history

More rain on Melrose's plain ...

... in his 60s, he discovers photography

photos by Richard Legault

Photos by Richard Legault, commentary by Mirror Editor Don Norris.



Richard Legault is a wandering soul, from a military family some six decades ago. He has lived pretty much everywhere -- for a short time, and then it was time to go somewhere else. And perhaps, finally, he has come to Melrose and after only two years in this small city, he calls this place home.

One day he heard that the Melrose SilverStringers (publishers of the Mirror) were looking for photos of the continuing rain we had here in New England. It sounded like a nice thing to do -- photograph raindrops. Fortuitously, Jack Beckley, director of the Council on Aging, happened by, heard Rich's comments, and offered the company camera -- a two-year-old Olympus D550 point-and-shoot model that the Stringers bought for newcomers.



So. Without any instructions except how to turn the camera on, Rich took up photography. On his first try at a bunch of rain-drenched evergreens, his automatic flash went off and gave him an electronic start. He soon decided he wanted no flash at all -- and so discovered available light photography.

The trouble was, he didn't know how to shut the flash off, nor could he figure out how and when the flash was programed to fire. He walked about the gardens of the old Beebe Estate - on which our Council On Aging carriage house is built -- with his new toy, sometimes catching rather unusual and attractive photos of raindrops -- and others that were blasted with too much flash.

At the end of the day he had a card full of wet photos, at which point Jack showed him how to download his digital pix into one of the computers in the new computer lab. Bang! the first photo came up on the screen. Instant gratification. Shoot one minute, and there's the picture, almost immediately on the monitor. Fantastic.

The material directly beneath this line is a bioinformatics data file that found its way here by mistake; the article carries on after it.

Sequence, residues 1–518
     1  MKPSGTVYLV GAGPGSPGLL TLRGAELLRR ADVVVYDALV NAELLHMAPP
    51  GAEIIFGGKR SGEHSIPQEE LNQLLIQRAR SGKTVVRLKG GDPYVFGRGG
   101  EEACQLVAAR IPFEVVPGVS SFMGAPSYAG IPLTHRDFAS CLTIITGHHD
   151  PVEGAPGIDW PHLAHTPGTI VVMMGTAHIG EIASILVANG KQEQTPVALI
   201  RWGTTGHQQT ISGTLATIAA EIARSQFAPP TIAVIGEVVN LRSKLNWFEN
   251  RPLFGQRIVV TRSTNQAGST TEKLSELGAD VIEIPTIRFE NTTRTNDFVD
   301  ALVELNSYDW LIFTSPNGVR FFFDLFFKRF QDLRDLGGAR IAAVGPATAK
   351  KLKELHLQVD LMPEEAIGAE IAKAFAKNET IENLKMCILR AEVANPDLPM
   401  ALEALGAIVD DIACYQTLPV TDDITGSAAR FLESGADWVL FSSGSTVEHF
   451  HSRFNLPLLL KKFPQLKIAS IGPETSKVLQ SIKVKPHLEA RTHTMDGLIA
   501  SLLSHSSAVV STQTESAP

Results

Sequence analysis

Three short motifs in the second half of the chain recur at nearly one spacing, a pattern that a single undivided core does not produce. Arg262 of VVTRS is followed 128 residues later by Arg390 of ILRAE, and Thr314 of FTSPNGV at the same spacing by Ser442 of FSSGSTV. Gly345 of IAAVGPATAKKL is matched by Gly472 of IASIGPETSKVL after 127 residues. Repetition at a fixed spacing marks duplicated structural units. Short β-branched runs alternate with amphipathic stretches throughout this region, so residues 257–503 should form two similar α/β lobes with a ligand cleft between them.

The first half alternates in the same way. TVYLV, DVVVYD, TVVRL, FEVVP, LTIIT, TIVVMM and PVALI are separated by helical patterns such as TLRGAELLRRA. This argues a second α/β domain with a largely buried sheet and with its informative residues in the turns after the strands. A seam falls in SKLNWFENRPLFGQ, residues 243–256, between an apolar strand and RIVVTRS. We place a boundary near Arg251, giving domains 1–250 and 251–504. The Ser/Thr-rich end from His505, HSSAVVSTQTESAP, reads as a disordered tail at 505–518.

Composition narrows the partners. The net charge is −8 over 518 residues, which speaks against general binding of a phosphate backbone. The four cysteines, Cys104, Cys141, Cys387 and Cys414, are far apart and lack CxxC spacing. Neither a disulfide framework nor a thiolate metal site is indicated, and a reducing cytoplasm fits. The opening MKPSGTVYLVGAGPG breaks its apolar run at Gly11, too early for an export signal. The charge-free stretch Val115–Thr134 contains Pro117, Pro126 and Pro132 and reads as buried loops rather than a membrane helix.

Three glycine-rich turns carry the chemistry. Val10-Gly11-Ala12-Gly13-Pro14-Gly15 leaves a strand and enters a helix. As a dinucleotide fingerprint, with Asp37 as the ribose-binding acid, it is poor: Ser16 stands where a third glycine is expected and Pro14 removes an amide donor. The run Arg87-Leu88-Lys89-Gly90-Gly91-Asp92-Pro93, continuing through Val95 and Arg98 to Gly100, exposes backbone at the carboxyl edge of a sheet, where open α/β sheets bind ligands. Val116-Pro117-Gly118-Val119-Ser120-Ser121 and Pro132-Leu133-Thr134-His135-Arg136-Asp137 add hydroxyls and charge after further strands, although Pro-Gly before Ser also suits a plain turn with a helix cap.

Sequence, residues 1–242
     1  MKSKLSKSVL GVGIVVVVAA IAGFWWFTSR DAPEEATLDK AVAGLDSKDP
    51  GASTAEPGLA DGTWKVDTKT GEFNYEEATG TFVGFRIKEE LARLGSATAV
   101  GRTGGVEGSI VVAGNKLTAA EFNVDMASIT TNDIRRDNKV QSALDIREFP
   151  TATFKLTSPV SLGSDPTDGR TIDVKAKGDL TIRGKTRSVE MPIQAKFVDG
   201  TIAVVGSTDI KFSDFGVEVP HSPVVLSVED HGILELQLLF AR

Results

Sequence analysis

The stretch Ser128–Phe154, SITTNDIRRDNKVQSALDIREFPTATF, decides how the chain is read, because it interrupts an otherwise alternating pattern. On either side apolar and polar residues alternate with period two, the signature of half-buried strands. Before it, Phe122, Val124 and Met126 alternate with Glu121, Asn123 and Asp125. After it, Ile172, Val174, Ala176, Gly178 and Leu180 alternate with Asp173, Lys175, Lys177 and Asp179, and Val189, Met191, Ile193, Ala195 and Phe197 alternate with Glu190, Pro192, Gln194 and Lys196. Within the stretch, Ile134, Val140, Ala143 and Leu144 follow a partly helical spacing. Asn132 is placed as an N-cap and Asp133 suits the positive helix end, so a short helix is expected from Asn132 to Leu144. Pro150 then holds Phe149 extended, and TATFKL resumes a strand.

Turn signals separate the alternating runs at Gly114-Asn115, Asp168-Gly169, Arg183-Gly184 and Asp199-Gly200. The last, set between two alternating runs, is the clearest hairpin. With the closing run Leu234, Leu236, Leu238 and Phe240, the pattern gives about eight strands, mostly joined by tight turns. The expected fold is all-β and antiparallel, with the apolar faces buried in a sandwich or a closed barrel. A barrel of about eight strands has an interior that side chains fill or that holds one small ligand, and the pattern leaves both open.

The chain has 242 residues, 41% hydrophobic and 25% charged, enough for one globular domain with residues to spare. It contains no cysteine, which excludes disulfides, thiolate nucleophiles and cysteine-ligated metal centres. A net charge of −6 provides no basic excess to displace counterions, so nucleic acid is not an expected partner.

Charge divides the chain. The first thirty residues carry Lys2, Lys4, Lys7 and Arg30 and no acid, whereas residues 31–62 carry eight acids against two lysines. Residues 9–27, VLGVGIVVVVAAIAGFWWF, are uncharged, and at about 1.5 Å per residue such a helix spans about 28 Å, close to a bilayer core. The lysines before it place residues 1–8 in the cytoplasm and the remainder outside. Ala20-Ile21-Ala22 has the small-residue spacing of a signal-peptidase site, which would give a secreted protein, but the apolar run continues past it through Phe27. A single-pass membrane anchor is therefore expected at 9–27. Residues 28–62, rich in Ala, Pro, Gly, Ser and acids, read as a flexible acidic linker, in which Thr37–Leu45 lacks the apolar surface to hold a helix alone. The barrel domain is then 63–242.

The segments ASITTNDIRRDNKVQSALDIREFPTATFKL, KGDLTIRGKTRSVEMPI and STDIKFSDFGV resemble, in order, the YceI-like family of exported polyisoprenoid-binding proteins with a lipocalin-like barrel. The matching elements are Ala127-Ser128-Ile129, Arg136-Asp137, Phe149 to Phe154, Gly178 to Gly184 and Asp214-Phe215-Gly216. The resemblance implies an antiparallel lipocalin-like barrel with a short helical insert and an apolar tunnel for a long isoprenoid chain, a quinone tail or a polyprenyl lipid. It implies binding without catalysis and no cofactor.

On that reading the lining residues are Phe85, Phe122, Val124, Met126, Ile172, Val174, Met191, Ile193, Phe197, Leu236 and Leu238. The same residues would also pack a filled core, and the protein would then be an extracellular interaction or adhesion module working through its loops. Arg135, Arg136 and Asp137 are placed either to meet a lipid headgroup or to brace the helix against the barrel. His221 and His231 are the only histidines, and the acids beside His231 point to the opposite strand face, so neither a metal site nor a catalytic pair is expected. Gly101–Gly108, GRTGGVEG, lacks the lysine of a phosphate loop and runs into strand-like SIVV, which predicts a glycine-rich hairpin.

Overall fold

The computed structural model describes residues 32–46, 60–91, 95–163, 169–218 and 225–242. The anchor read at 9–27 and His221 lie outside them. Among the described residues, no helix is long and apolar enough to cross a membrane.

Most amateurs, like Rich, don't bother reading the instruction manual. Hey, it's a camera, and you just push the little button. This, of course, justifies the auto-everything on modern cameras. You don't have to know anything and you get nice pictures.



But Richard was special. He has an eye for composition, for color, for form, for beauty. Most folks will stand a mile away from their subject and the resulting photo is boring, to say the least. Not Richard. He moved in close -- how else does one photograph raindrops?

I tried to explain to him, just recently, how his camera works. F-stops, diaphragm, shutter speed, film (or sensor) sensitivity, depth of field and selective focus. But it was too much at one time, so I suggested he get the manual from Jack, study it, and pick up the how-tos once he had learned a little more about his totally automatic camera.



It didn't work. "I don't want to read all that stuff," he grumbled. "Not when I have a nice smart guy like you to teach me."

So that is where we left it. I suspect Rich will join the SilverStringer photo team, and learn the mechanics of this hobby from those already using it. In the meantime, the photos on this page are those he shot on that rainy day when Jack Beckley loaned him the company camera.

Not bad. He'll do all right.

Two weeks after Rich made these photographs, he took sick, was in and out of the hospital, and then suddenly, he died -- too young. He was an upbeat person, willing to volunteer, willing to learn, willing to do his share. The Stringers mourn his passing.


March 2, 2007











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